And although the agents and editors said they were tired of paranormal books and would love to see contemporary fiction, they advised write what you must and disregard the trends.  Just keep it fresh and unique!

Now . . . back to writing!

Writing Advice from the Best: Authors and Editors

Wednesday, March 7th, 2012

I attended the Society of Children’s Book Writers and Illustrators Golden Gate Conference at Pacific Grove’s Asilomar this past weekend where I soaked up the sun, strolled on the beach, and became infused with creativity when speakers and attendees focused on their inner genius, the theme of the weekend. 

Although I can’t possibly portray the inspiration I acquired, I can share a few tips of some of the fabulous faculty. 

Young adult author Charlie Price (Desert Angel, Dead Connection) didn’t start writing seriously until he was 58.  He says, “Relax.  Release.  Let go.” 

The creativity panel told us to watch the movies of the genre we’re researching and writing to help vitalize our visual senses.

Author illustrator Dan Yaccarino (Go, Go, America, Lawn to Lawn) advises us to do what he did:  say yes, ask a lot of questions, and listen. 

Editor/author Arthur Levine, (Monday is One Day, All the Lights in the Night) most recognized for co-editing the Harry Potter series, reassured us that children’s books do not have a bleak future and this period is merely a transitional phase. 

He also asks the question, “Really?”  “Did that character really look like that?  She really say that?  Really feel that way?”   Don’t stop questioning yourself if it feels automatic.

What type of book is he looking for?  Visit his website and discover what is on his bookshelf already.  That’s how you buy a gift for someone, by checking out their bookshelves, isn’t it?  This is a very valuable suggestion as to what any editor desires.  

Philomel editor Tamara Tuller, who is most interested in modern, literary middle grade and young adult fiction and story-based picture books, recommends “Write like you’re drunk and edit like you’re sober.” 

Write with abandon!  Get to it!

Creative Writing Scholarships for High School Juniors and Seniors!

Monday, February 27th, 2012

Notre Dame de Namur University is offering a $20,000 creative writing scholarship to a California high school junior or senior who wins the San Mateo County Fair Literary Contest.

To qualify, the student must have a 3.0 GPA or above, submit a poem, short story, or essay (limited to one entry per applicant) that has not been previously entered in a San Mateo County Fair competition, and enroll and be accepted to Notre Dame de Namur within one year of graduating from high school.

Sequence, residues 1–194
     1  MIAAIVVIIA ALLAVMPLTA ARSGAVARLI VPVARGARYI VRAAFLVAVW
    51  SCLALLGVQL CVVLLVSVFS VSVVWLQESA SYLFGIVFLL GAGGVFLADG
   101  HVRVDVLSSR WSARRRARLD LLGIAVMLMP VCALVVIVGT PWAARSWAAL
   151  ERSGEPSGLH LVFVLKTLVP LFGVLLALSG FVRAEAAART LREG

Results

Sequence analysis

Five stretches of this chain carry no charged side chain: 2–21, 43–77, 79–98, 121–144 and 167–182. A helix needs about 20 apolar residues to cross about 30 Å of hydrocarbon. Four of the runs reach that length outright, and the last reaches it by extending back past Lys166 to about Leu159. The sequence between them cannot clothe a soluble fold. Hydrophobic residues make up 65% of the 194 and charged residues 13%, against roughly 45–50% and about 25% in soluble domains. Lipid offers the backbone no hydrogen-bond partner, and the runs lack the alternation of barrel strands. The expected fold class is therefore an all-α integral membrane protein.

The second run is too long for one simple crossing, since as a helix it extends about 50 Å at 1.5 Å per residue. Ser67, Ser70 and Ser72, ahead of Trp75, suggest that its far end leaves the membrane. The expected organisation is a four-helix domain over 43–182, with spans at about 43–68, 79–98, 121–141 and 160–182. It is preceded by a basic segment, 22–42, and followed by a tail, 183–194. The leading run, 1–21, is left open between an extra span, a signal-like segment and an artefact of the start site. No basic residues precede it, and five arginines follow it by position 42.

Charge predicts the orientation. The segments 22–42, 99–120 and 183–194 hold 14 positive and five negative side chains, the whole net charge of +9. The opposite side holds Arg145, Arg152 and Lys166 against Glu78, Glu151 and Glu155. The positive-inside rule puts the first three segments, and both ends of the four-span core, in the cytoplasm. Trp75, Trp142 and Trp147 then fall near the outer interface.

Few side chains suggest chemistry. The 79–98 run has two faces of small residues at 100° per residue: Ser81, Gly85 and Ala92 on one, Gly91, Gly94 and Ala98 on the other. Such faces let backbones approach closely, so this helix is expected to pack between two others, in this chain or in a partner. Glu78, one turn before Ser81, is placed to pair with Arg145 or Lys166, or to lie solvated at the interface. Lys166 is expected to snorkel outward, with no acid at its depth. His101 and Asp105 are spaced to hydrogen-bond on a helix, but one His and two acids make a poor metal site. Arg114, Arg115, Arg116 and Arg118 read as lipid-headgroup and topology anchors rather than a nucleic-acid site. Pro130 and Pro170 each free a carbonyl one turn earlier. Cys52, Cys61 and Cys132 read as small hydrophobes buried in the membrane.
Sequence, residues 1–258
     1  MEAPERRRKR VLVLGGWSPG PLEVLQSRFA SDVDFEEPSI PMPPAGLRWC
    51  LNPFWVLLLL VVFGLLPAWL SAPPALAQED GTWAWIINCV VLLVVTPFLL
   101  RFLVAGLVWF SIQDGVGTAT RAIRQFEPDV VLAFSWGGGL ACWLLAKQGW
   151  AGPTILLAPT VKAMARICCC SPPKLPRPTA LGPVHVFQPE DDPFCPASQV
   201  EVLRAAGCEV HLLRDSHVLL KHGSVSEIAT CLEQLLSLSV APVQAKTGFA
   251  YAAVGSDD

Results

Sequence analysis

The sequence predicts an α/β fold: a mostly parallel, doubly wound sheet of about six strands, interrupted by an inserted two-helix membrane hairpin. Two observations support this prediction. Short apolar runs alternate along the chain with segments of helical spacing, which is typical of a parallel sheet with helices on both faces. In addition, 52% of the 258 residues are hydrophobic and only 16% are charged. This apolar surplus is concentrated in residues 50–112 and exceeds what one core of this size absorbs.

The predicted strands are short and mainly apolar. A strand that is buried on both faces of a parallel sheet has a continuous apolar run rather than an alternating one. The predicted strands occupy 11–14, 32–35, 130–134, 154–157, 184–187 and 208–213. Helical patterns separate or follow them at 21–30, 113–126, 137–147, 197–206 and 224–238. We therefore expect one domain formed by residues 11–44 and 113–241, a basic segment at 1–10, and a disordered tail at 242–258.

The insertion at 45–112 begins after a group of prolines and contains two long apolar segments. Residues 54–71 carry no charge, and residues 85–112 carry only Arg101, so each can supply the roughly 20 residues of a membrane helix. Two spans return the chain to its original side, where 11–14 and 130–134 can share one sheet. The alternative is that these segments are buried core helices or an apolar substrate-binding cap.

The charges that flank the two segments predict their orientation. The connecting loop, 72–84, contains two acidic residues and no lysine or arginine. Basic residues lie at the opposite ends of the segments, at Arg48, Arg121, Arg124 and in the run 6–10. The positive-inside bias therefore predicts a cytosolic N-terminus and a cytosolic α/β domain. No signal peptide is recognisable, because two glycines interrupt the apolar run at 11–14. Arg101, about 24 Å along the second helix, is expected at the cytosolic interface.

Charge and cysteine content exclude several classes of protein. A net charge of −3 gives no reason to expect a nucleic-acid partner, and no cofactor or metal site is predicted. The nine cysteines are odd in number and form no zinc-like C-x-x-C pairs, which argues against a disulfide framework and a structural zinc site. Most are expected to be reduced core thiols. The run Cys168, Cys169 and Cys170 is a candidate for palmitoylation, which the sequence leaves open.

The opportunity to become a published author by Sand Hill Review Press is also being offered by the San Mateo County Fair Literary Anthology 2012.

Enter a short story, poetry, essay, and sponsored contest submissions. All entries must be submitted in .doc or .docx file.

Every entrant will have at least one piece published, which will be available for purchase at the Fair between June 9 to June 17 and also on

For entry forms or more details about both literary opportunities, visit, call 650-574-3247 or email [email protected].  The submission deadline for both is April 16.


Turn Your Expertise into a Successful Book

Saturday, December 17th, 2011

                                 Sunday, Jan 22           2 – 4 p.m.                  


At the Lafayette Library and Learning Center

 Three successful non-fiction authors will tell you how they turned their specialized knowledge into successful books – and careers.  Find out from these three pros:


  • ·        How to develop a strong non-fiction book proposal
  • ·        Tips on the best ways to share your knowledge
  • ·        Go beyond the book by building your speaking and online platform


All the participating authors are members of the California Writers Club which is co-hosting this presentation.


Nannette Rundle Carroll is the author of The Communication Problem Solver.  She’s been featured in Investors Business Daily’s “10 Secrets to Success” leadership column and has appeared on radio shows and podcasts as a communication expert and trains professionals in communication and management.



Patricia Evans is the author of five books on dealing with verbal abuse and overly controlling people.  As a specialist in interpersonal communication, she has spoken about managing verbal abuse on more than two hundred radio shows, and 20 national television programs, including the Oprah.  She is also a consultant, speaker and trainer. 


Catherine Accardi is the author of three books in Arcadia Publishing’s Images of America series, Walnut Creek, San Francisco’s North Beach and Telegraph Hill, and San Francisco Landmarks. Catherine turned her interest and knowledge of local history into award winning books.  Arcadia Publishing has been awarded the prestigious William C. Ralston Award by the San Francisco Historical Society for these popular local history volumes.     

A Writer’s Place is a program of the Friends of the Lafayette Library

www.  AWritersPlace .com

Lafayette Library & Learning Center  3941 Mount Diablo Blvd  Lafayette CA  94549 Q  925/ 385- 3380